Tuesday, February 02, 2010

Singularities and Scientism

C. Ewing asks,

"how do we reconcile conservation of mass with singularities?"
Short answer, we don't.

Longer answer: Einstein's theory of general relativity accounts for gravitation in terms of a curvature of space with a fraction x/y. Under certain concentrations of mass and energy, the y in that fraction goes to zero. As we all remember from elementary school, you can't divide by zero, it is not defined, it has no meaning.

So, what happens when our equations in physics give us nonsense results? Three possibilities: First is ignore it. When we are figuring out a length and the answer is the square root of four, we may realize that the square root of four is either positive or negative two, but since we cannot have negative lengths, we just ignore the negative possibility because it is "not physical."

Second, is we say that we need an alternative interpretation of the trouble spots, that is, we come up with some story about what happens there that is consistent with the rest of the theory so that we can keep it. Physicists talk of "smoothing out" the singularities, that is, tinkering slightly with the math so that we keep the spirit of the approach, but patch up the problems. The problem is when we have multiple possible patches, how do we decide which one we want to accept?

Third, you point at that spot as a weakness in the theory. You say that theory works well as far as it goes, but the next theory that replaces it will have to improve on this. Science gives us insight, but always opens more questions to be answered and what happens in this sort of situation would just be one of the ones we need a new theory to deal with.

This gives us a nice segue to Gwydion's question,
"What are the critiques of scientism that do not resort to or invoke supernaturalism, and what (if any) merit do you give them? Layman's terms, please."
If we take scientism to be the view that the set of all justified beliefs is equivalent to the set of all legitimate scientific results, we have several problems. The first obvious one is determining what counts as a legitimate scientific result. Is it a matter of consensus among scientists? That then turns it into a sociological matter influenced by all sorts of economic, political, and race, gender, and class-based factors -- certainly not the rock solid basis that was advertised. Is it the set of conclusions that derive with certainty or high probability from that mythical logical beast "the scientific method"? There is no unique logic underlying all scientific practice and inference.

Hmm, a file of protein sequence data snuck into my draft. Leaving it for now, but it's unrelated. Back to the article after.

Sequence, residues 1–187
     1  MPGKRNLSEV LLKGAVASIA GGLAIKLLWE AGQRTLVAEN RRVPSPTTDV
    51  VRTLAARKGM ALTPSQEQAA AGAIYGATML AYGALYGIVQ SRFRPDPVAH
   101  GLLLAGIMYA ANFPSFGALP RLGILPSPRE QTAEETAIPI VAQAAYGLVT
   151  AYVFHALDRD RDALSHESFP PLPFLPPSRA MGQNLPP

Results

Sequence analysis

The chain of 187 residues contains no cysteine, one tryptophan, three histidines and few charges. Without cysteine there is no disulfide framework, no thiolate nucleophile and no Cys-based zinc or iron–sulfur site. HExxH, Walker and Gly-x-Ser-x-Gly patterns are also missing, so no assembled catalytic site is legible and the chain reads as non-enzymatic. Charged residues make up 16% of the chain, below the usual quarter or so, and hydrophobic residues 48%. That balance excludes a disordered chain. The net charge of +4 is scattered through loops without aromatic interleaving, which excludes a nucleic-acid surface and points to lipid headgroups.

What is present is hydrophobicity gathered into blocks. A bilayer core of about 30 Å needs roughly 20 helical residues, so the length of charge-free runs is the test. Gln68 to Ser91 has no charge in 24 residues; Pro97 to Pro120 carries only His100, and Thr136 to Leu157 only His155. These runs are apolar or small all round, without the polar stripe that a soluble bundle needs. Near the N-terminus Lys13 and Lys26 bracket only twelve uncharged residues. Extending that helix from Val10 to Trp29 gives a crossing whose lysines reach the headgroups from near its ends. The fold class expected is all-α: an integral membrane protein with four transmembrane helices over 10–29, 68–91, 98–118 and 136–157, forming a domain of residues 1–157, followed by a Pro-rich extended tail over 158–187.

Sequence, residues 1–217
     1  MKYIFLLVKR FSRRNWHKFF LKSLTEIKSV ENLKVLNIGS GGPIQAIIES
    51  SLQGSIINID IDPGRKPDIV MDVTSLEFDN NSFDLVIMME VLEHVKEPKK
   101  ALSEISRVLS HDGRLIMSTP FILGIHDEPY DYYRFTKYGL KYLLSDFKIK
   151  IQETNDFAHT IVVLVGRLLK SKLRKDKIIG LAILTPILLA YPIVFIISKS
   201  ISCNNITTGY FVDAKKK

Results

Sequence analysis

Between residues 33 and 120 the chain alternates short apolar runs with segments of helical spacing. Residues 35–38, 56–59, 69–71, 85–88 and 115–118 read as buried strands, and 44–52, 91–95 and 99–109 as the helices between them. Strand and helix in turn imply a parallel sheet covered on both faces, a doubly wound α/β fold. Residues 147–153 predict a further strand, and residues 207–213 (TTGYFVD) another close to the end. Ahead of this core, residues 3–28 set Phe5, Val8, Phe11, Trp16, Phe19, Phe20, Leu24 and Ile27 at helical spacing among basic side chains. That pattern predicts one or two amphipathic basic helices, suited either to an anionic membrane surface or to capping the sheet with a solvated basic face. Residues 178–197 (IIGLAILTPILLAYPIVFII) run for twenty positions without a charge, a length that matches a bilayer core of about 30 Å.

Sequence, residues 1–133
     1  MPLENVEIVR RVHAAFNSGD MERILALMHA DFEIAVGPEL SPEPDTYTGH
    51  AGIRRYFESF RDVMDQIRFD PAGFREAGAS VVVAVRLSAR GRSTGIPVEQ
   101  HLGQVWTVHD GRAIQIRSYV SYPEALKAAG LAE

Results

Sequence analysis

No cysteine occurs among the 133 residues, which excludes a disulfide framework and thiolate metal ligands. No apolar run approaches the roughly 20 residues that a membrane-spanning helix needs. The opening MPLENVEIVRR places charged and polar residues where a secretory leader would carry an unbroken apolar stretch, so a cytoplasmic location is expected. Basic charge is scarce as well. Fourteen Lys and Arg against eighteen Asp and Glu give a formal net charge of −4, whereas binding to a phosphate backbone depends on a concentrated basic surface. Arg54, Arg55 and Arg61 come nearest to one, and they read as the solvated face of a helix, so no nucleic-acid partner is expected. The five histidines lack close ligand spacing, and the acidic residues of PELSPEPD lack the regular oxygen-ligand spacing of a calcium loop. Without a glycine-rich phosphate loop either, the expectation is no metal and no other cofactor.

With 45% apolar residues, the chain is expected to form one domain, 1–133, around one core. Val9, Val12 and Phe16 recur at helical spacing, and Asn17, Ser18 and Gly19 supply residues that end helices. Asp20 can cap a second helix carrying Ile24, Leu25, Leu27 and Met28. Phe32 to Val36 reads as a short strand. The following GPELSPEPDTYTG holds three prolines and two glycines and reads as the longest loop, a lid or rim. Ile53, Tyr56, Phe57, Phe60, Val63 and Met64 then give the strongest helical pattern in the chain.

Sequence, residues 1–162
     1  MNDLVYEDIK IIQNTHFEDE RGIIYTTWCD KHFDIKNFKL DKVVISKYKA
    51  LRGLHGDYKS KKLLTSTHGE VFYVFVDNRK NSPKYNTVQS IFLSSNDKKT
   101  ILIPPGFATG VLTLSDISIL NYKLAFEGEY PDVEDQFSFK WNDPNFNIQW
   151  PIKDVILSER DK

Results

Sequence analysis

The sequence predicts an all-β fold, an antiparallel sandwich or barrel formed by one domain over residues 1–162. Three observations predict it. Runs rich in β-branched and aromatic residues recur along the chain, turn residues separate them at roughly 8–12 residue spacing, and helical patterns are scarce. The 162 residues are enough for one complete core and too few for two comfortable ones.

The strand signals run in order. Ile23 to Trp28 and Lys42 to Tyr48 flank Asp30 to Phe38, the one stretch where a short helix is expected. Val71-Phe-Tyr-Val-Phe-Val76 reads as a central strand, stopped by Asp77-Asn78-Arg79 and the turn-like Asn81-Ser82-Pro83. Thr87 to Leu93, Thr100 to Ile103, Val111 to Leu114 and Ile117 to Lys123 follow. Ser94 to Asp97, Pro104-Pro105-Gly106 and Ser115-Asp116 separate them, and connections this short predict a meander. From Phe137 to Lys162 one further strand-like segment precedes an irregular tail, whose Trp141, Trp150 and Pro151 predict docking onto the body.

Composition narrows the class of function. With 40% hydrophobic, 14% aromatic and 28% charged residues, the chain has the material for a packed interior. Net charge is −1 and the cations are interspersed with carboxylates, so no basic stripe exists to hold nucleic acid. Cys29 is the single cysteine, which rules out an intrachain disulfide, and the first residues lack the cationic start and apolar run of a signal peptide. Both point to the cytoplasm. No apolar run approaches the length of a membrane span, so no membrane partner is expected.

Further, tying one's beliefs to a literal interpretation of scientific theories comes with serious risk since our best theory at any given time is at least provisional. The great philosopher of science, Imre Lakatos, famously said that every theory is born refuted, in other words, scientists know that our best theories, strictly speaking are always wrong. They are useful, but they will be replaced by new theories after a time, new theories that come with different concepts. Newton's theory of mechanics and gravitation stood for 300 years, but when replaced by Einstein's theory of relativity, it required a radical revision of the basic notions of space, time, motion, mass, and energy. If we tie our cart to horses we know will die, we should not attach them in a way that doesn't allow them to be unhitched.

Finally, we come to the question of interpretation itself. The concerns with scientism are not in appeals to supernaturalism, but to metaphysics. If there was a half-way house for abused words, metaphysics is one of the poor lexicographic souls that would have to reside there. When philosophers say metaphysics (or "ontology" if we are trying to impress someone), is not pyramid power, ESP, and chaneling, but rather the study of reality. What really exists?

We want to say things about the world, for example, that there are electrons and gravitational fields, but this goes beyond the theory. Scientific theories are what an old physics prof of mine called "a bunch of squiggles." Some of those squiggles connect to observable quantities like distance or mass, things we can measure, often things we can experience. We seem to have good reason to believe these are real (although here Descartes' worry about bridging the gap between our perceptions and that which caused the perception). Other squiggles are mathematical formalism, mere grammar that is not meant to be world pointing. An equal sign or a negative sign, for example, are part of the language we use to express our equations, but not held to represent part of the system whose behavior is being described. But then there is a third group of squiggles, what we call "theoretical terms," things like potentials, affine connections, field values. these are terms we use to connect the observable terms into something we can use to make predictions about observations to come.

But are they real? The best our scientific theories will give us is that they are useful, or useful in certain contexts of modeling. The hard-core scientistic folks, for example Ernst Mach, held that because they are unobservable, they cannot be given a metaphysical status. They are mere tools, not real things. And thus Mach derided anyone who thought atoms were real. And therein lies the problem with scientism, it gets rid of God, but with him goes metaphysical entities that even the hard core lover of science would want.